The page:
Also, I had not said one complaining word to my cousin about the pastor. I didn’t tell him of his response to “Have you met my cousin?’

“Yes, I hear his daughter [unmarried] is pregnant.”

That wasn’t ‘news’ I appreciated being spread around but I didn’t say anything. My ‘complaining’ has been to him in private and on the blog where it is on topic. That was true until a few weeks ago when the deacons discussed an email the pastor had sent to me and another deacon saying:

“If you think that this church needs a new “coach”, then follow your conviction and “man up” by making a recommendation to have me removed. For once, do not hide behind a pen, paper, or computer. I will even make the motion that the church votes by secret ballot. I will leave the meeting so everyone can speak freely. But, if it does not pass…I will ask for your removal as a deacon and/or church member.”


Doug Pittman or FYI,
I think you hit the nail on the head about pride.

I believe Wade said it correctly: “Insecurity and pride is the mother of intimidation and control.”

Jack said...

FYI

WHo are all of these 'hate filled' pastors you are referring to? The pastors I know are far from perfect but they are loving men who serve the Lord with great integrity. They love jesus and His church. Even those whom I have great disagreement with, this blog owner being one, are far from 'hate filled'. Where is this hot bed of hate you are referring to?

Rodney Sprayberry said...

Thanks Rex :)

Someone said this to me once and I now know what he meant:

"When I got a BS degree, I thought I knew everything...

When I got a Masters degree, I realized that I did not know everything...

When I got a doctorate, I realized that no one else knew anything either...."


Wade...

Beck said in his commencement address:

My being here (at Liberty)is not in anyway an endorsement of my faith...it is an endorsement of yours!"

Thy Peace said...

WHo are all of these 'hate filled' pastors you are referring to?.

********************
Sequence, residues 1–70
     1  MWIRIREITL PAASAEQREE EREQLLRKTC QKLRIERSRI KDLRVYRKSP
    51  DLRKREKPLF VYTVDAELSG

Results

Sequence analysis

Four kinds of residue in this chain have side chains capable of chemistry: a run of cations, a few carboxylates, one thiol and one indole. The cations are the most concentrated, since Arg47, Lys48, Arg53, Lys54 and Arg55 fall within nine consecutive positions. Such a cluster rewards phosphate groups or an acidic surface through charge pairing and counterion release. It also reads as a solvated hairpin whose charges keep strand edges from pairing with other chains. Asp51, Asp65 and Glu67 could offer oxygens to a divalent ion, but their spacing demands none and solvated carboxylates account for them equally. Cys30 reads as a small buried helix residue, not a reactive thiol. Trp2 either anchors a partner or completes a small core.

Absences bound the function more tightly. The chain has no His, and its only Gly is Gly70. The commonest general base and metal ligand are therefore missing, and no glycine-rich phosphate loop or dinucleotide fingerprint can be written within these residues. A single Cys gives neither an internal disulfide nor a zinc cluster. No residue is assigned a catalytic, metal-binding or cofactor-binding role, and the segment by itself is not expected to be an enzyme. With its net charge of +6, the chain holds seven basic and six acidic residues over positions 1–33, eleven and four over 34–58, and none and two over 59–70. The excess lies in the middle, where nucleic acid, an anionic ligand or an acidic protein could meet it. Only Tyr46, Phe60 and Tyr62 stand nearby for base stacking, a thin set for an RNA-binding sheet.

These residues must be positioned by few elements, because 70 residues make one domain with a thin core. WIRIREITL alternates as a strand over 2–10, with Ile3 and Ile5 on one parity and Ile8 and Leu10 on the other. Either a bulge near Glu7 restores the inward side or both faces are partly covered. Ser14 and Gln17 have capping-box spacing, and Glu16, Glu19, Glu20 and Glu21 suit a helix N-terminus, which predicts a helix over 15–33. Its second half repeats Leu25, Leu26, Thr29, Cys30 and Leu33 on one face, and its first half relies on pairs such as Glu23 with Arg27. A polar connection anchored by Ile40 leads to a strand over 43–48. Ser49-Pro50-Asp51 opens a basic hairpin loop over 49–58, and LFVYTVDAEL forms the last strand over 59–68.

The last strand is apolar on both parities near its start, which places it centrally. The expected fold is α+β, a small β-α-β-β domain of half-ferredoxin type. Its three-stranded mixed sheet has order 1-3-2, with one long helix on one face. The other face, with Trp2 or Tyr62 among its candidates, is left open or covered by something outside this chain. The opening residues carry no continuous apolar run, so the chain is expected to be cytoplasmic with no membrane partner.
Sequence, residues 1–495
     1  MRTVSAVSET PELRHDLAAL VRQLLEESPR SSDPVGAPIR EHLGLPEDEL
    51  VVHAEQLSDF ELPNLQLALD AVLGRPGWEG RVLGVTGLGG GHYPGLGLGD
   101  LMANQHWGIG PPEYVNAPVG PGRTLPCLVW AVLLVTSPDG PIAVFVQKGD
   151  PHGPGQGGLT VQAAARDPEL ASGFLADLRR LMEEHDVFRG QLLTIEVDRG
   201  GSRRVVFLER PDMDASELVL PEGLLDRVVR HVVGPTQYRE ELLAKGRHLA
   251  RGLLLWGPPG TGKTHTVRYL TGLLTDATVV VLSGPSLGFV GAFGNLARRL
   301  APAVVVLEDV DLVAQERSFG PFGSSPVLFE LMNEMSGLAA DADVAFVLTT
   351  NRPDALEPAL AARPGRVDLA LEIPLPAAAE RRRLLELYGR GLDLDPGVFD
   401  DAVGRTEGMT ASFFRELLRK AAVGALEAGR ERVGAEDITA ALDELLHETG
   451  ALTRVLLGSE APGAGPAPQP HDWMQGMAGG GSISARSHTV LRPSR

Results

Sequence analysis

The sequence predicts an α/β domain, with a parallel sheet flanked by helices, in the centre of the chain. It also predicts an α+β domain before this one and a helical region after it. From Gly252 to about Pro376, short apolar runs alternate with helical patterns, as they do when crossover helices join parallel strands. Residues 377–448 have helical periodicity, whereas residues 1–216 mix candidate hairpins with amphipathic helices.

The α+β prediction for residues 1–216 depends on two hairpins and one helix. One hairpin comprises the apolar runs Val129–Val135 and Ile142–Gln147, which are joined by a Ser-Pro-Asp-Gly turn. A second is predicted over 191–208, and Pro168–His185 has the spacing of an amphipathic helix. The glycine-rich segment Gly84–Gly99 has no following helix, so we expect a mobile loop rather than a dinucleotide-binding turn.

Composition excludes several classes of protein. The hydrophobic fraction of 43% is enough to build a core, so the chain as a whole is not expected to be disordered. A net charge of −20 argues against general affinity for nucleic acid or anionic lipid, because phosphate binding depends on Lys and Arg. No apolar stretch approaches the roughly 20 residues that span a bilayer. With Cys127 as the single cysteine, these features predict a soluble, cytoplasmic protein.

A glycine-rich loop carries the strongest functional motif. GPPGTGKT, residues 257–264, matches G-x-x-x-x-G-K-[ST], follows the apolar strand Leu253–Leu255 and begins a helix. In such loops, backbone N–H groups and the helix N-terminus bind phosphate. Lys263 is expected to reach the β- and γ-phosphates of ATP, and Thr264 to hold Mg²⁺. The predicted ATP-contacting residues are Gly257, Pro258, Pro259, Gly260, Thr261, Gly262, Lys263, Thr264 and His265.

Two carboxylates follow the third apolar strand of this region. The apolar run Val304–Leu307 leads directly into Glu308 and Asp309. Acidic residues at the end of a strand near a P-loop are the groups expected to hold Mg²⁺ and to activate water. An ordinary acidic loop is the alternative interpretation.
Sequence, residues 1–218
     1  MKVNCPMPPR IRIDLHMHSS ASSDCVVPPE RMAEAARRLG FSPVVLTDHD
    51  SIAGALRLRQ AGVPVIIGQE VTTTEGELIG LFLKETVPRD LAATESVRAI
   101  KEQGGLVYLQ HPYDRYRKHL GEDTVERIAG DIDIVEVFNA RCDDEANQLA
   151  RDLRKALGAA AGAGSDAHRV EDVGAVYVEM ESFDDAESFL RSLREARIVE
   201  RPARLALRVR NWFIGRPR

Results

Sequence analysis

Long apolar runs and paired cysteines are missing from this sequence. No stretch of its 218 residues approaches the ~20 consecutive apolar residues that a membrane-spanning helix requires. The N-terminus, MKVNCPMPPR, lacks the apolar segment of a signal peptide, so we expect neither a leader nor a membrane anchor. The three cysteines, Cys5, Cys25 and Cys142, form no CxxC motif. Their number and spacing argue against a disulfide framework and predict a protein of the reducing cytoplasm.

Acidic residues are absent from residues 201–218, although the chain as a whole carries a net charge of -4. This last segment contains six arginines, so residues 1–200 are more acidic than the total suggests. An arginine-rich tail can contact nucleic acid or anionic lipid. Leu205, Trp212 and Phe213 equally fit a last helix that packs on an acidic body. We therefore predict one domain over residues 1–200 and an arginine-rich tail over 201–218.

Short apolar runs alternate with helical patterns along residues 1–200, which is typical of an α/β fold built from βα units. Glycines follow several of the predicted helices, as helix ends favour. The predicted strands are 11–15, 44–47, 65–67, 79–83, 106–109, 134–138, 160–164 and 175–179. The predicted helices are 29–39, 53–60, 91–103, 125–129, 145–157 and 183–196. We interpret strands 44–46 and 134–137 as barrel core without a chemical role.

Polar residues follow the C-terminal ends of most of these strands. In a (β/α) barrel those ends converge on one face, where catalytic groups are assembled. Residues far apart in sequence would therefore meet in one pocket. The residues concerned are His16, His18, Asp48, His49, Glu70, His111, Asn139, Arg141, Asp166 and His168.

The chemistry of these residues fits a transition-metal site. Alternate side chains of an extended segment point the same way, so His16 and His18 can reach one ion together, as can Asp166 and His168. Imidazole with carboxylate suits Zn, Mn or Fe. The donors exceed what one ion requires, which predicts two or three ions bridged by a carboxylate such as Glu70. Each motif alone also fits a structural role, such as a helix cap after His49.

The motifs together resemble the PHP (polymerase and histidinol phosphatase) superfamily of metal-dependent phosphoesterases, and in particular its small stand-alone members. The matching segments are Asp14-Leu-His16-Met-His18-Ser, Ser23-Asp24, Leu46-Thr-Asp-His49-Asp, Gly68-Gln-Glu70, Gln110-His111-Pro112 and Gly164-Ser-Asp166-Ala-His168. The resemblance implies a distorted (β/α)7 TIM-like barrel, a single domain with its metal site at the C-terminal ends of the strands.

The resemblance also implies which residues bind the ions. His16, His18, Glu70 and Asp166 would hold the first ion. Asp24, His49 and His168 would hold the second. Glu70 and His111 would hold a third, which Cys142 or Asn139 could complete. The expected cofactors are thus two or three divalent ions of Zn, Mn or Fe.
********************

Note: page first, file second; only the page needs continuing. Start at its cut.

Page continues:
Grace and Truth to You [Wade Burleson] > A Southern Baptist Religious "State of Play" [APRIL 28, 2009].

Also this comment.

Our Family said...

Wade..thank you for this post. I too was in NYC during the whole SFC "tragedy" as anonymous put it and it was.

Every place I have served, it is important to listen to the locals and see what God is saying the need is through them. When I was originally appointed under the old HMB, it was drilled in our heads...listen to the people you are serving. It is tragedy that NAMB did not do that with SFC. There were other cities affected in the same way across the nation.

On another note, as a former Mormon, my experience is that the thing Mormons have that most SBC people dont get....they are very loyal and dedicated to their view of their calling to serve the world. It isnt an option to serve.

Every young Mormon girl or boy looks forward to the day when they can serve the Lord(their view)and help others becaue it is taught in their home that the greatest ting you could do in life is "to serve the Lord and the Church". It is ingrained in their souls to serve and "tell the good news"(their view). I dont see that passion in SBC life(which I have been in over 25 years). It is an "option" to serve as a missionary and tell others about Christ. "Calling to missions" is for someone else...not me for the majority of folks I have met around the US(let me say that I exclude foreign Baptists because they are very passionate about Christ).